Home » Discriminatory Abortions: The Scylla and Charybdis of Identity Politics and Reproductive Rights

Discriminatory Abortions: The Scylla and Charybdis of Identity Politics and Reproductive Rights

by Andrew Jones

H.R. 4660, the Prenatal Nondiscrimination Act (PRENDA) of 2017, was recently introduced in Congress. And if there ever were a piece of legislation that put a pro-choice, progressive, multiculturalist “between Scylla and Charybdis,” this would be it.

PRENDA would prohibit sex-selection abortion—that is, the mother’s decision to abort would be prohibited if she made the decision based on the unborn child’s sex. The law would hold abortion providers liable—not mothers—if they knew the mother’s decision was based on a preference for one sex over the other.

With this in mind, consider two essential components of progressives’ moral charter: sniffing out and legislating against acts of discrimination, and opposing legislation limiting the right to have an abortion. Taking a stance on PRENDA, therefore, must put them in quite a pickle, and especially so for progressive feminists who are most vigilant and intent on stamping out gender discrimination.

PRENDA was introduced in Congress by Rep. Virginia Foxx (R-NC), and given the fact that Foxx is both female and pro-life, the legislation is strategically brilliant. It is inviolate—or impregnable, if you will—to criticism from Democrats, because it ticks all three boxes: (1) a woman introduced it, rather than a white man trying to dictate what a woman does with her body; (2) it legislates against discrimination; and (3) it is predicated on identity politics—in this case the protected class being female.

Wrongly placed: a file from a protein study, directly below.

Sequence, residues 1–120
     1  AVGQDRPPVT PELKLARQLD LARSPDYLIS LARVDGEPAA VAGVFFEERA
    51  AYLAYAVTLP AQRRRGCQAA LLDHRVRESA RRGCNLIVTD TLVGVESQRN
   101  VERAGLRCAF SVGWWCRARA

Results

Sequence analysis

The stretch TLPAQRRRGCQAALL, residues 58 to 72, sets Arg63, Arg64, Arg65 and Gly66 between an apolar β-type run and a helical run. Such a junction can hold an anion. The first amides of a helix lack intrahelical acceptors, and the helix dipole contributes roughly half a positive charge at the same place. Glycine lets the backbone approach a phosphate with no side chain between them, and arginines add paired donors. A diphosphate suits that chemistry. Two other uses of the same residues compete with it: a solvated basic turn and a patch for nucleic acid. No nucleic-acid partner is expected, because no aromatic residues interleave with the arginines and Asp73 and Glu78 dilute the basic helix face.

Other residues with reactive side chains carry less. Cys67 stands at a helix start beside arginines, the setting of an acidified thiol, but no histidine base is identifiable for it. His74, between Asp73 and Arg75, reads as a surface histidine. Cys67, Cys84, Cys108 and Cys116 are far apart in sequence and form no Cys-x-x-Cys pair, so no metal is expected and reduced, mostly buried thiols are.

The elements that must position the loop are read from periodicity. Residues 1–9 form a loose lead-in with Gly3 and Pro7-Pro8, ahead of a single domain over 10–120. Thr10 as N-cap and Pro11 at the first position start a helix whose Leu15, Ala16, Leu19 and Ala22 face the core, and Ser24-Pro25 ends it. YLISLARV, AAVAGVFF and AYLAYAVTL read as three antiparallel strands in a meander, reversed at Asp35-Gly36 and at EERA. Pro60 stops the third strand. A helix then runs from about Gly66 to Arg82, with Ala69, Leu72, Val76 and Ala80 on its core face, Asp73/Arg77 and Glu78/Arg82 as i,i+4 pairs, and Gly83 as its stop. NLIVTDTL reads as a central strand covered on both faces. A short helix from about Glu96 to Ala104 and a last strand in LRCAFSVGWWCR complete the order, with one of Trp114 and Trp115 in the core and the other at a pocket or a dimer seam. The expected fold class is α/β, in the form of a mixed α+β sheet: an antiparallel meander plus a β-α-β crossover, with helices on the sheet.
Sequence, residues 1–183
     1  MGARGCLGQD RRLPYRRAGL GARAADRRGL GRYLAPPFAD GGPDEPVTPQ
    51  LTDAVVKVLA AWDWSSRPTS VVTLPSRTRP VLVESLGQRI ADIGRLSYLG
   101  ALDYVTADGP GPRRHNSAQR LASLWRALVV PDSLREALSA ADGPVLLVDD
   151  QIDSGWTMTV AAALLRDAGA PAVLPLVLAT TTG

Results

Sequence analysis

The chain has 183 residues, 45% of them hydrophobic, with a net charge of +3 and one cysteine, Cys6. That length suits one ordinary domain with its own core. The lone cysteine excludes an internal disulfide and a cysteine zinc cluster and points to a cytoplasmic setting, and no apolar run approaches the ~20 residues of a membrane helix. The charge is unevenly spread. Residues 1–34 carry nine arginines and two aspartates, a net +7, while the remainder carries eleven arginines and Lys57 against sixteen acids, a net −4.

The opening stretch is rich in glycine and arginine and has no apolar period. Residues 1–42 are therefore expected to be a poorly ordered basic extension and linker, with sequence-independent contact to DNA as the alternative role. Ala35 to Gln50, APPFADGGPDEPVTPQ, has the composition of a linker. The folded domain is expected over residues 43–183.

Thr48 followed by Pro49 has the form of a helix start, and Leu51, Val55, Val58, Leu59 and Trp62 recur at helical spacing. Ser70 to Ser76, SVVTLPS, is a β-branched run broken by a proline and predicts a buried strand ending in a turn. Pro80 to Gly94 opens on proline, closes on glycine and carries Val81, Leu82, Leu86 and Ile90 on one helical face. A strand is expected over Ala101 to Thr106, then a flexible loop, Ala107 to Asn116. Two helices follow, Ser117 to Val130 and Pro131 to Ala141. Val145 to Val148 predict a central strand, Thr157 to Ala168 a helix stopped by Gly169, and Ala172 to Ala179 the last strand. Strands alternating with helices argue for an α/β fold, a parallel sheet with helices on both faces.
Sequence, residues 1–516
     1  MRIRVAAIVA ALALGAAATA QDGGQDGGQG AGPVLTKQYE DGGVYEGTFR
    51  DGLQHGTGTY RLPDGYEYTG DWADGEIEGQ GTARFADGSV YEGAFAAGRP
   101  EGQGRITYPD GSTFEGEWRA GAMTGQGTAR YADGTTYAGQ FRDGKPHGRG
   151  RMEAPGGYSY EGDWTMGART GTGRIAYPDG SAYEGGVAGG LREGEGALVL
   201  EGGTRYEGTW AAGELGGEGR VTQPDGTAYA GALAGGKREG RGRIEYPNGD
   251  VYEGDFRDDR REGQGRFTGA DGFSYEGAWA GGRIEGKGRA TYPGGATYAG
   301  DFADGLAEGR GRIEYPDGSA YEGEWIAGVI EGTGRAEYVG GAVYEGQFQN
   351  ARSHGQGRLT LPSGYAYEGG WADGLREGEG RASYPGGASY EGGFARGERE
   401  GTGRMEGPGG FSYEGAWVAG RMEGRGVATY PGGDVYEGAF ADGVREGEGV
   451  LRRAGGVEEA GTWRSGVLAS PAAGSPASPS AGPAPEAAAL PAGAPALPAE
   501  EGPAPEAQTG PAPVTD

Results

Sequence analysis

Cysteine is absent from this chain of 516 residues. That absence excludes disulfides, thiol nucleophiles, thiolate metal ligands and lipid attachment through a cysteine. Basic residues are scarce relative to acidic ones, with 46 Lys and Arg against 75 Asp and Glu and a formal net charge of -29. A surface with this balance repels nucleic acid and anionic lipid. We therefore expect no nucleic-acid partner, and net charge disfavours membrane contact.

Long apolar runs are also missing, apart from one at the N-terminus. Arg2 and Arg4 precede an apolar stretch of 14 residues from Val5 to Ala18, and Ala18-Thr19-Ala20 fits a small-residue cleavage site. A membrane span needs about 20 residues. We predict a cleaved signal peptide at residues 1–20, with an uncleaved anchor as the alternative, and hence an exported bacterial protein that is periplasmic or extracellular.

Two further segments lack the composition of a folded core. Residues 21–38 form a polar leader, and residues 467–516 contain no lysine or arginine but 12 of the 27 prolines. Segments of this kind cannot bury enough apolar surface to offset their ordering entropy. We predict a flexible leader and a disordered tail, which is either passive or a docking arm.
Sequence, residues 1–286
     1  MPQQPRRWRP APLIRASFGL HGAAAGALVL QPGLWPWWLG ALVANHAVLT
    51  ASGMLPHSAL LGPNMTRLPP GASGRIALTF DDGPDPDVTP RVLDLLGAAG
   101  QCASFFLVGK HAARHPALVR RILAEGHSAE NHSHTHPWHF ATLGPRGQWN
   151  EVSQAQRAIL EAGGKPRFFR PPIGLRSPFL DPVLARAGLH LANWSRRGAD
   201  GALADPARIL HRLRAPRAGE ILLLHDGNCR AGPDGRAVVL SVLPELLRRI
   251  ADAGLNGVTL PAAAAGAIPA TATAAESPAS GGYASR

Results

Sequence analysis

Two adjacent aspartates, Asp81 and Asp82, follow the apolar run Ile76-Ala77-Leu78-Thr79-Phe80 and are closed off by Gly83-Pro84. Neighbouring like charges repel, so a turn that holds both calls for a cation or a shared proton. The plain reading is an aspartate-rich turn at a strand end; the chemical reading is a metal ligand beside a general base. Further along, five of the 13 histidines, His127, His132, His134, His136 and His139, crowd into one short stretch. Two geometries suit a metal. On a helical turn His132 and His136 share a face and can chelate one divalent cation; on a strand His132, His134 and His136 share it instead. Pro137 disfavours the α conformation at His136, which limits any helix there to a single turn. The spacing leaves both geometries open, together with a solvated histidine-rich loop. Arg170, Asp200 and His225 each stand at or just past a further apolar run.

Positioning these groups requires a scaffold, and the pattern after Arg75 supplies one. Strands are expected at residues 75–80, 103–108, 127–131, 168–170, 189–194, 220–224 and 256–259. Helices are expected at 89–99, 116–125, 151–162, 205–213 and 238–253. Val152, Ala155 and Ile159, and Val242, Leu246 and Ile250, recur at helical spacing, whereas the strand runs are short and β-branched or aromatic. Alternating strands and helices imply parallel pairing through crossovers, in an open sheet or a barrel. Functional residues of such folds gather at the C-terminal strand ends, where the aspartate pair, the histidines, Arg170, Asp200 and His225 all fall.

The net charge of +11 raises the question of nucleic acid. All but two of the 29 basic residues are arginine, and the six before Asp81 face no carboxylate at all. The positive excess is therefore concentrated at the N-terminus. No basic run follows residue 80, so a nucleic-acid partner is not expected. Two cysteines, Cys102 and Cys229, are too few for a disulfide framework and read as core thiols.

Of course, the ideological collision course will be avoided, and the precariously narrow channel between Scylla and Charybdis can be safely navigated, by the simple rejoinder: “discrimination applies to human beings, a non-viable fetus is not a human being, and therefore gender-based abortions are not an act of discrimination.”

No Democrats have signed onto PRENDA thus far. Nevertheless, it is an interesting example of how, in the legislative arena, the identity politics game can be played the other way to try to make progressives squirm.

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